The Valdez Star - Serving Prince William Sound and Copper River Basin

Articles written by Ned Rozell

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Biographer profiles scientist-explorer of northeast Alaska

In the early 1990s, Janet Collins was hiking in the Arctic National Wildlife Refuge when she saw "Camp 163" labeled on her map. Intrigued, she later looked up Camp 163 in Donald Orth's Dictionary of A...

 

Wolves are cagy and reluctant with things that are unknown

The wolf tracks appeared as they always do, as a surprise. On a day between fall and winter, with the leaves fallen and browning but the ground not yet hard, I was walking with my dog and an a.m. radio. We were descending a four-wheeler trail on a...

 

Scientists are studying algae's athletic and living role in glacier melt

Life exists everywhere you look. Even on glacier ice, home to inch-long worms, snow fleas, bacteria and algae. When gathered by the millions on the ice, algae cells can help make the water they need...

 

Finding far-north lynx den full of kittens is part of cycle study

In her study of one of the farthest north lynx populations in North America this summer, Claire Montgomerie used her ears. While looking at the satellite tracker a female lynx was wearing,...

 

Prehistoric reptile one mile above McCarthy rediscovered

In 1963, 23-year-old geologist David Whistler sat down for lunch on a rocky hilltop one mile above Kennicott Glacier. With one hand on his sandwich and the other on his miner's pick, he flipped over...

 

Hurricanes and far north sea ice correlation debated by scientists

Speaking at a conference in coastal Texas last fall, a researcher from Florida mentioned with relief that her home was 13 feet above sea level. That seemed curious to me, a middle Alaskan living at...

 

North Korea blast lights up Alaska seismometers though not quake-like

On Saturday night, Matt Gardine was at home outside Fairbanks playing with his daughter when his phone beeped. As the seismologist on call with the Alaska Earthquake Center, Gardine's duty was to get information out about detectable earthquakes...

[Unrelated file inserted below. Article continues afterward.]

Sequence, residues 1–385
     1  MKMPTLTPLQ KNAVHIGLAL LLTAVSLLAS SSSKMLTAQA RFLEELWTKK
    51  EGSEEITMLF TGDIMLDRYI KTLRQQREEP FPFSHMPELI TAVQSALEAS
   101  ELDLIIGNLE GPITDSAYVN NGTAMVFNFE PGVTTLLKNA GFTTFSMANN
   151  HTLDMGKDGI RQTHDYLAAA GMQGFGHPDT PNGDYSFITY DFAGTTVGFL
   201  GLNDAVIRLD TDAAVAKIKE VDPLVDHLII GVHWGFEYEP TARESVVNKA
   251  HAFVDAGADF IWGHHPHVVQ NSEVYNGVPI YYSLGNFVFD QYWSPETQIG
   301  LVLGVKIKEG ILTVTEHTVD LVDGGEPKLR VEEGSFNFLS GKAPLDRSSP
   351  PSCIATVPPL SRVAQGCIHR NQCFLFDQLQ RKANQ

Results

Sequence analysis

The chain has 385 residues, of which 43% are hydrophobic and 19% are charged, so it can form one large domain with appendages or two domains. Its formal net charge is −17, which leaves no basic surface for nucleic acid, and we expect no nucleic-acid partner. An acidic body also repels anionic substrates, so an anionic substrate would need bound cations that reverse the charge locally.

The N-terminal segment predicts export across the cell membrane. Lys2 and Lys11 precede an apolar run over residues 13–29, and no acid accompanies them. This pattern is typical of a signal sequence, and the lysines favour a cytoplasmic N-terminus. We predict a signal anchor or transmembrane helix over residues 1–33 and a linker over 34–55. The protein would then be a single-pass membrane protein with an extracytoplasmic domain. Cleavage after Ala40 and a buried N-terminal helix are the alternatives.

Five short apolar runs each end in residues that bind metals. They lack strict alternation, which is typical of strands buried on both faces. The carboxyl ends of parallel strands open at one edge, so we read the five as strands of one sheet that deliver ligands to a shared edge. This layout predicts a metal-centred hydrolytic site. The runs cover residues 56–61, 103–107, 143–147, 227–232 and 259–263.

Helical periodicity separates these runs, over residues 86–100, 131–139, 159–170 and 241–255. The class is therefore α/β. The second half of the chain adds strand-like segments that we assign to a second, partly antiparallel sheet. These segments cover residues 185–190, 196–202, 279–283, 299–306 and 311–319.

Polar bears of the past survived warmth according to some scientists

An ancient jawbone has led scientists to believe that polar bears survived a period thousands of years ago that was warmer than today. Sandra Talbot of the USGS Alaska Science Center in Anchorage was one of 14 scientists who teamed to write a paper...

 

Hike across Alaska ends with after-dinner bear encounter - from afar

A few days ago, Cora the dog and I walked across a footbridge spanning a natural moat flowing through northern tundra plants. There, we reached mile 0 of the Trans-Alaska Pipeline and the finish of a...

 
 By Ned Rozell    Main News    July 20, 2017

Dog partner enhances hike across Alaska like no human being can

I suspected my brief dogless period was coming to an end when my wife and daughter were looking at puppies on the internet. We had a few months earlier lost Poops, a Labrador retriever mix, to a...

 
 By Ned rozell    Main News    July 12, 2017

Mosquitos and biting bugs keep human populations sparse

JIM RIVER - On this cobble bar north of the Arctic Circle, it is a fine day. The sky is a sheet of blue, a breeze wraps us with clean air, a sandpiper mom shrieks over her hatchlings. They are...

 
 By NED ROZELL    Main News    July 5, 2017

Everything is alive here on the path of the trans-Alaska pipeline

(This summer series is documenting Rozell's walk along the trans-Alaska pipeline, 20 years after making the first trek with his dog, Jane) YUKON RIVER - It's high summer, past the solstice....

 
 By Ned Rozell    Main News    June 28, 2017

Visiting home and taking a break from 800-mile hike along pipeline

(This summer series is documenting Rozell's walk along the trans-Alaska pipeline, 20 years after making the first trek with his dog, Jane) FAIRBANKS - I left my home here to begin a hike along the...